African Connection links are now in the sidebar to the right, just below the My Travel section.

Click here to see a La Crosse Tribune article about the mission in Uganda.

Monday, March 23, 2009

An Open Letter to Lance Armstrong

Dear Lance,

News of your clavicle crushing cycling crash has caused concern and consternation here. I know that imitation is the sincerest form of flattery, but really, you shouldn't have. I'm slowly getting better and have been on the bike quite a bit recently. Still, it was a nice gesture and I appreciate the support.

They say you were coming down a narrow, rough-surfaced, rural European road. Sounds eerily familiar. It only took a hose in the road to bring me down. You, the professional that you are, needed fully 20 other riders to get you into that embarrassing handlebars-below-the-wheels orientation. And I do admire the attitude evidenced in your statement, "That's cycling. It's nobody's fault. Crashes happen all the time." That was my reaction - hose happens, you just have to get over it.

The picture of you sitting by the side of the road also brought back memories. There you are in that shoulder-favoring pose that says, "Try to move my arm and you'll be a week removing what's left of my bike from your..." But what you actually said was, "It's pretty painful." Yeah, I know the feeling. Too bad you didn't have an ENT surgeon with you as I did. They can do wonders with a couple of pair of tights. No, I mean using them to fashion a sling and brace. It really helped ease the pain. But remember when you get back out on the road again, make sure he goes down the hill first.

In another amazing parallel to our accidents, I hear you walked to the waiting ambulance. Me too. Except it was a station wagon. Driven by the local farmer's wife. I bet you had lights and sirens. Me? Not so much as a toot of the horn. Oh well, you are the big-name pro. And speaking of clinics as we are, the one where I've been treated is having a special program you might want to look into; it's called Taking Steps to Prevent Falls.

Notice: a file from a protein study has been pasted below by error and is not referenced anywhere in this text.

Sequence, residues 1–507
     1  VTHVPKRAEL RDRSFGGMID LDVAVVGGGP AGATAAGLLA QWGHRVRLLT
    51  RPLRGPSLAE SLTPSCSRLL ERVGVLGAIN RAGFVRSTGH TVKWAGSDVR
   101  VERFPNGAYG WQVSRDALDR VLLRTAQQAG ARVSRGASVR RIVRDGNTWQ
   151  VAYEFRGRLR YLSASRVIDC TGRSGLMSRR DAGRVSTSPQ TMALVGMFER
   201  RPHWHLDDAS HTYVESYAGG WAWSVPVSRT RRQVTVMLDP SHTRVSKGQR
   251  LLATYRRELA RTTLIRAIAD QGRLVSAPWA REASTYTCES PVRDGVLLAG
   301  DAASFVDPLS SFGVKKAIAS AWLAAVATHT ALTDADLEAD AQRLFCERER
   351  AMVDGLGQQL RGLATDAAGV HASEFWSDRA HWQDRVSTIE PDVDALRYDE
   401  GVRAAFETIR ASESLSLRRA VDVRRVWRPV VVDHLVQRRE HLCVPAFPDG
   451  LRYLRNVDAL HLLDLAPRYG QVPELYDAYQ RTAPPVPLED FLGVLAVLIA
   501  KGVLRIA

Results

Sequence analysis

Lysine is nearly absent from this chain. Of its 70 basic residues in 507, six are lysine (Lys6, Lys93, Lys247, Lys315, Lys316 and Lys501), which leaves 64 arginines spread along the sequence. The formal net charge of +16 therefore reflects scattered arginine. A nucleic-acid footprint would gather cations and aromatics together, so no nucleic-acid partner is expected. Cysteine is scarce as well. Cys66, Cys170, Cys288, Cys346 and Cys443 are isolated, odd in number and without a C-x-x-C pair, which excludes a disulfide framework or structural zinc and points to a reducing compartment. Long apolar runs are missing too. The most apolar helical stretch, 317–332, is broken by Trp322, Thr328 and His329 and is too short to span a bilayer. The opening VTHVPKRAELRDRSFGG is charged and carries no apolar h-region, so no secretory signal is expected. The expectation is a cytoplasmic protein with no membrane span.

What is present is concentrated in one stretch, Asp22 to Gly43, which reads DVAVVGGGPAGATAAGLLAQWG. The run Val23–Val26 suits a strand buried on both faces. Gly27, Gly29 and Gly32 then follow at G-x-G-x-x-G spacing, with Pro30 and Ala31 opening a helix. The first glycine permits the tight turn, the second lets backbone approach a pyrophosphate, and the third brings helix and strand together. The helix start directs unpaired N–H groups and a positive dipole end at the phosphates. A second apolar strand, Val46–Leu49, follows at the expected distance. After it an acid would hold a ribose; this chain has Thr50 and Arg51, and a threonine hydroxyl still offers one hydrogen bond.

I also read that Jacinto Vidarte, spokesman for the Vuelta Ciclista Castilla y Leon race, says you may be out for as long as three to four weeks. Not bad, as it took me that long to figure out how to get dressed in under 30 minutes. But hang in there. I was on the road two months after my crash. Rode 13.3 miles. Of course it was another 3 weeks before I got back on a bike again and then it was attached to the floor in my basement. But if you really work at it, you might get back in shape a little faster.

Say, did your Spanish doctor suggest an afternoon of surgery before you headed home? From my current perspective (sporting a "non-union" of the left clavicle) maybe you should have listened to him if he did. But, I'm sure you'll get the best of care and will soon be winging your way to a complete recovery. Even so, it seems we are facing similar issues in the immediate future. For instance, it doesn't look like you'll be able to compete in this year's Giro d'Italia. Me either. Bummer.

So you see, I know how you feel. Well, not how it feels to win Le Tour de France seven times. But I'm pretty sure we aren't too far apart on the broken clavicle thing. Next time you're in La Crosse, give me a call. We'll meet at the Bodega and compare x-rays.

Ride on,


P.S. I was really glad to see you were wearing your helmet.

Friday, March 6, 2009

How Did They Know?

This flyer came in the mail today from the clinic where my shoulder has been treated. It was inviting me to participate in a special program:

Taking Steps to Prevent Falls

Aren't my conversations with the doctor about falling off the bike and breaking my collarbone supposed to be kept quiet? Oh, well. I suppose they could have just read the blog. So, while I appreciate the thought, I'll pass. It's not so much that I don't think I need the help, but maybe, just maybe, it's that the target audience is "Americans over age 65."

Besides, isn't taking the steps a big reason why people fall in the first place?

Thursday, March 5, 2009

Good Advice

Saturday, September 6
Madiswil to Zurich

It was far from the most restful night of the tour. Trying to sleep sitting up, getting twinges with even the most careful of moves. I was glad when it was finally late enough to get up. I began to develop the moves necessary to get dressed. On this first morning, it was getting on my socks.